Building a planet seems straightforward enough: Just take a disk of dust swirling around a young star, and let it sit. Micron-sized dust particles will collide and clump together, growing in size, until eventually, voilà! One planet. There's a problem, however: Astrophysicists have calculated that once clumps have reached a certain size, collisions with other clumps should smash them to smithereens. Or they should start drifting inward toward the star, where they can't grow further. How then can planets even form?
Astronomers who've imaged the dust disk spinning around a young star 390 light-years from Earth may have found an answer. Viewing the star using the newly unveiled Atacama Large Millimeter/submillimeter Array (ALMA) in northern Chile, the researchers observed a crescent-shaped vortex of gas in the disk that appears to provide a safe haven in which a planetary seed can continue to grow . The vortex essentially creates a dust trap within which large clumps can get larger while avoiding drifting inward long enough to form the rocky core of a planet.
Such dust traps have been theorized before, but this is the first empirical observation that appears to confirm the hypothesis. The vortex in the disk around Oph IRS 48 was probably created when some companion object orbiting the star—another star or a preexisting planet—rammed through and punched a hole in the disk. The astronomers found that the concentration of dust within the disk was startlingly lopsided, 130 times denser on one side than on the other.
The observation "led us to the interpretation that the large dust particles must be trapped in a vortex in the gas distribution," says Nienke van der Marel, a researcher at Leiden University in the Netherlands and lead author of the paper describing the findings, published online today in Science. "Trapping the large dust particles prevents the radial inward drift and therefore allows the particles to grow to much larger sizes, up to rocks as wide as a kilometer or more." Van der Marel adds that "the existence of dust traps in disks around young stars provides a crucial step in the start of planet formation by dust coagulation."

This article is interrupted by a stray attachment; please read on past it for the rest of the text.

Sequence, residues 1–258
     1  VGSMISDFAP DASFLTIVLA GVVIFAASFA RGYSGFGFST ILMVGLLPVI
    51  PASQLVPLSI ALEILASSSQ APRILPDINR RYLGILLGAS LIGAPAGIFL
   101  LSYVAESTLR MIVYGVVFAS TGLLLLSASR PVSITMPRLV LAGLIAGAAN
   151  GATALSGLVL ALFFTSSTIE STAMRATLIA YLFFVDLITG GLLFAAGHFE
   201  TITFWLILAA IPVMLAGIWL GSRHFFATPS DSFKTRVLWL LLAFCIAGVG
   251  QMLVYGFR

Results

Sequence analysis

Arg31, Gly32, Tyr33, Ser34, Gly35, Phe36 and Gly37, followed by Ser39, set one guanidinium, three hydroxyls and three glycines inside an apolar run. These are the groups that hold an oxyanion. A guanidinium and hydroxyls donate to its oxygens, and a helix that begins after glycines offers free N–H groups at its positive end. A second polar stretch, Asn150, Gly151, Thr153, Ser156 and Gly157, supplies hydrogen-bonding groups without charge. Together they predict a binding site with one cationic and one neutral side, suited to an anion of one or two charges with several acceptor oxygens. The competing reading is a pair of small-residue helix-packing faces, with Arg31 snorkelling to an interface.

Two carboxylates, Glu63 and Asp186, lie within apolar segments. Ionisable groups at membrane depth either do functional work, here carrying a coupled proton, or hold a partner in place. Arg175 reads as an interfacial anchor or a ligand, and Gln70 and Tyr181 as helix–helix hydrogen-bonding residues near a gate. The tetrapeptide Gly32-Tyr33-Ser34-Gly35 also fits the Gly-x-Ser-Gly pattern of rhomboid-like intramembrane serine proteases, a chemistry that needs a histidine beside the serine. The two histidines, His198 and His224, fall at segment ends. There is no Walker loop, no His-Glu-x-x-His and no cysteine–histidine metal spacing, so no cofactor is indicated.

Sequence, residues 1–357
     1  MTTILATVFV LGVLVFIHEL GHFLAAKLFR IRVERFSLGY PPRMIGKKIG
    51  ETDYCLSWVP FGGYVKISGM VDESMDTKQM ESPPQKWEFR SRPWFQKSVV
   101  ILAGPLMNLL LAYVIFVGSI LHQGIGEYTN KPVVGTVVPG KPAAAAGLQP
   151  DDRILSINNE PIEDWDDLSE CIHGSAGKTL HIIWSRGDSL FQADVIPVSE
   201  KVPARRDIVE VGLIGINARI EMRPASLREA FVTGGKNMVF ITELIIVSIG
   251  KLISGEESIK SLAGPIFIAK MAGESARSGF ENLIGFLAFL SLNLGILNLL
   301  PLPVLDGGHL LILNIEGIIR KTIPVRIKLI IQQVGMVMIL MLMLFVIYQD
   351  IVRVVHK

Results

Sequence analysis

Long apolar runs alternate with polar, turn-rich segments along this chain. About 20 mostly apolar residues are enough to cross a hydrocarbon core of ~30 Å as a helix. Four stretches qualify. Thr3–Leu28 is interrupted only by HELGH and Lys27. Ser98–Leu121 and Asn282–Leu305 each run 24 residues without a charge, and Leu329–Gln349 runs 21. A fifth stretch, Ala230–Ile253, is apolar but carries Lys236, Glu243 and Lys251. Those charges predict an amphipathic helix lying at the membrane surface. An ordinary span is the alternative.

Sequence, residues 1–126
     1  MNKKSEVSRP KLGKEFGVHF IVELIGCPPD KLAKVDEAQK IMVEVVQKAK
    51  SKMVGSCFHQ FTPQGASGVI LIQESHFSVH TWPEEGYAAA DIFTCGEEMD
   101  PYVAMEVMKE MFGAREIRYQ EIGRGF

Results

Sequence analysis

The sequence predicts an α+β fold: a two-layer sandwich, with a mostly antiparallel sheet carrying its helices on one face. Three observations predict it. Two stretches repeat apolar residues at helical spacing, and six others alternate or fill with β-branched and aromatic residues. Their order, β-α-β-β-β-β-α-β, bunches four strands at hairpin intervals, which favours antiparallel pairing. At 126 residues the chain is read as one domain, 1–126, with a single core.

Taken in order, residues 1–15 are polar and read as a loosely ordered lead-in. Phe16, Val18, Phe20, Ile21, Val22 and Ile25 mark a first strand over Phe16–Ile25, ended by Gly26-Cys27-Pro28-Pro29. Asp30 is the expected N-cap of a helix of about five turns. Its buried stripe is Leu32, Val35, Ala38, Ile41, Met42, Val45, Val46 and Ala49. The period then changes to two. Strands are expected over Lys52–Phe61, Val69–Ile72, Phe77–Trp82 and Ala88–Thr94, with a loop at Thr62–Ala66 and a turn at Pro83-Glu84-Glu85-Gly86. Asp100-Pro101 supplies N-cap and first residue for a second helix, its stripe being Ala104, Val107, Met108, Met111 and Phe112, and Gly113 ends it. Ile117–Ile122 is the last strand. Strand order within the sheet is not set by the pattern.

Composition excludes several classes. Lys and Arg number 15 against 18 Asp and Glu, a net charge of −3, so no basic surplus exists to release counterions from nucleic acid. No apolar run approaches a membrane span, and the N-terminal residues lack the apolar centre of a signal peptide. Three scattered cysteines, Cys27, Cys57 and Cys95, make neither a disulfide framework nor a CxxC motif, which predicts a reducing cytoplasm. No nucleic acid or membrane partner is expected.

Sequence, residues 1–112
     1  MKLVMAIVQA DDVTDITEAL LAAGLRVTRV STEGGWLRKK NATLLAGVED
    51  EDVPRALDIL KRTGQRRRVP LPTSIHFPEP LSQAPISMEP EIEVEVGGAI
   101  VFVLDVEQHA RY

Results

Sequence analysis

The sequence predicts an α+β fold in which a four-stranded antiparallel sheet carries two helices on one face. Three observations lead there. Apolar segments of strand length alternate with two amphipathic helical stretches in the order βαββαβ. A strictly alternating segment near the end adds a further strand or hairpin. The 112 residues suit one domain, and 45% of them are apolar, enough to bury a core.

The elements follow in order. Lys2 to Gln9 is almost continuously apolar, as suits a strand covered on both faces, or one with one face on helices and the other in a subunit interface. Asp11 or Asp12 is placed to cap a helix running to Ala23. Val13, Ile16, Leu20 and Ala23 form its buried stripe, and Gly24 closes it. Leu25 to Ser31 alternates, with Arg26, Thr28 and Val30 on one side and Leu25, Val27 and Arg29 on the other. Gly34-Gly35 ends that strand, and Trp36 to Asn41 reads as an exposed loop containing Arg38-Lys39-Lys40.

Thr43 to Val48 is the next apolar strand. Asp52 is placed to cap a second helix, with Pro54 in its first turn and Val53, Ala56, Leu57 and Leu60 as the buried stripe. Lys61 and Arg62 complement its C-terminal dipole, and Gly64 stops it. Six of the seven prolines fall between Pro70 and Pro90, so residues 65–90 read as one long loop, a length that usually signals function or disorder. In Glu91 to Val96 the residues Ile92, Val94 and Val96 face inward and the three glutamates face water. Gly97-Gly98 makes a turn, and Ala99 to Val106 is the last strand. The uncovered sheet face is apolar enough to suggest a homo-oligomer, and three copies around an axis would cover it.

The finding fills an important gap in astronomers' understanding of how planets are born, says Philip Armitage, an astronomer at the University of Colorado, Boulder, and author of an accompanying Perspective  in the same issue of Science. But it also raises the question of how gas vortices that harbor dust traps get created in the first place. And, Armitage says, astronomers will now want to know "whether large scale structures in the dust, such as the one imaged for IRS 48, are the norm in protoplanetary disks."